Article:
Figures

Figure 1

Open AccessArticle Energy Stress-Mediated Cytotoxicity in Tuberous Sclerosis Complex 2-Deficient Cells with Nelfinavir and Mefloquine Treatment
Cancers 2018, 10(10), 375; https://doi.org/10.3390/cancers10100375
Received: 21 August 2018 / Revised: 25 September 2018 / Accepted: 3 October 2018 / Published: 10 October 2018
PDF Full-text (2664 KB) | HTML Full-text | XML Full-text | Supplementary Files
Abstract
To find new anti-cancer drug therapies, we wanted to exploit homeostatic vulnerabilities within Tuberous Sclerosis Complex 2 (TSC2)-deficient cells with mechanistic target of rapamycin complex 1 (mTORC1) hyperactivity. We show that nelfinavir and mefloquine synergize to selectively evoke a cytotoxic response in TSC2-deficient
[...] Read more.
To find new anti-cancer drug therapies, we wanted to exploit homeostatic vulnerabilities within Tuberous Sclerosis Complex 2 (TSC2)-deficient cells with mechanistic target of rapamycin complex 1 (mTORC1) hyperactivity. We show that nelfinavir and mefloquine synergize to selectively evoke a cytotoxic response in TSC2-deficient cell lines with mTORC1 hyperactivity. We optimize the concentrations of nelfinavir and mefloquine to a clinically viable range that kill cells that lack TSC2, while wild-type cells tolerate treatment. This new clinically viable drug combination causes a significant level of cell death in TSC2-deficient tumor spheroids. Furthermore, no cell recovery was apparent after drug withdrawal, revealing potent cytotoxicity. Transcriptional profiling by RNA sequencing of drug treated TSC2-deficient cells compared to wild-type cells suggested the cytotoxic mechanism of action, involving initial ER stress and an imbalance in energy homeostatic pathways. Further characterization revealed that supplementation with methyl pyruvate alleviated energy stress and reduced the cytotoxic effect, implicating energy deprivation as the trigger of cell death. This work underpins a critical vulnerability with cancer cells with aberrant signaling through the TSC2-mTORC1 pathway that lack flexibility in homeostatic pathways, which could be exploited with combined nelfinavir and mefloquine treatment. Full article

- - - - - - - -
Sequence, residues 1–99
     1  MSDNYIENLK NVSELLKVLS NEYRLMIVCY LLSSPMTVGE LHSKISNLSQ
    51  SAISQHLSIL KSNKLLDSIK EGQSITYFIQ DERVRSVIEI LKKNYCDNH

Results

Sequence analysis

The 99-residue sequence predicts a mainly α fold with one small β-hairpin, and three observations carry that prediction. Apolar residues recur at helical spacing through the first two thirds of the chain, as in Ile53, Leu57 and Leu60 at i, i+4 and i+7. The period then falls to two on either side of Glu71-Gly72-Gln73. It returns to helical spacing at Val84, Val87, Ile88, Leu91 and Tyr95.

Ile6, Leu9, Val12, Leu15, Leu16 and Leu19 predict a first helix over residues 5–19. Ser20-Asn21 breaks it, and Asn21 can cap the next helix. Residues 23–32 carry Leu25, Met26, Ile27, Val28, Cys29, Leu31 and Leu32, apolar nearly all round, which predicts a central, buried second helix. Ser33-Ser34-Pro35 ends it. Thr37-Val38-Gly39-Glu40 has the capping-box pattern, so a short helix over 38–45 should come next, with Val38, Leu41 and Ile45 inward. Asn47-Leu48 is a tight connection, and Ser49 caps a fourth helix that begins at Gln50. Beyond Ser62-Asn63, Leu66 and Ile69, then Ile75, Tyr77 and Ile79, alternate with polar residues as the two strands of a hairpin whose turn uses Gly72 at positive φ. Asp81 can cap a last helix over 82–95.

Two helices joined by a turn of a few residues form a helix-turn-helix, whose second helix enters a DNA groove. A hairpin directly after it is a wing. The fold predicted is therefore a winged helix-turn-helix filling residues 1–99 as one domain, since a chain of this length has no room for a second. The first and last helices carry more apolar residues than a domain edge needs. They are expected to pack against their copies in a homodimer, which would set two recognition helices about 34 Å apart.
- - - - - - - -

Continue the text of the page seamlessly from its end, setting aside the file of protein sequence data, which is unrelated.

Figures

Figure 1

Open AccessReview Mechanisms Underlying the Action and Synergism of Trastuzumab and Pertuzumab in Targeting HER2-Positive Breast Cancer
Cancers 2018, 10(10), 342; https://doi.org/10.3390/cancers10100342
Received: 8 August 2018 / Revised: 13 September 2018 / Accepted: 18 September 2018 / Published: 20 September 2018
PDF Full-text (1619 KB) | HTML Full-text | XML Full-text
Abstract
Human epidermal growth factor receptor (HER) 2 (HER2) is overexpressed in 20–30% of breast cancers. HER2 is a preferred target for treating HER2-positive breast cancer. Trastuzumab and pertuzumab are two HER2-targeted monoclonal antibodies approved by the Food and Drug Administration (FDA) to use
[...] Read more.
Human epidermal growth factor receptor (HER) 2 (HER2) is overexpressed in 20–30% of breast cancers. HER2 is a preferred target for treating HER2-positive breast cancer. Trastuzumab and pertuzumab are two HER2-targeted monoclonal antibodies approved by the Food and Drug Administration (FDA) to use as adjuvant therapy in combination with docetaxel to treat metastatic HER2-positive breast cancer. Adding the monoclonal antibodies to treatment regimen has changed the paradigm for treatment of HER2-positive breast cancer. Despite improving outcomes, the percentage of the patients who benefit from the treatment is still low. Continued research and development of novel agents and strategies of drug combinations is needed. A thorough understanding of the molecular mechanisms underlying the action and synergism of trastuzumab and pertuzumab is essential for moving forward to achieve high efficacy in treating HER2-positive breast cancer. This review examined and analyzed findings and hypotheses regarding the action and synergism of trastuzumab and pertuzumab and proposed a model of synergism based on available information. Full article
Figures

Figure 1

Back to Top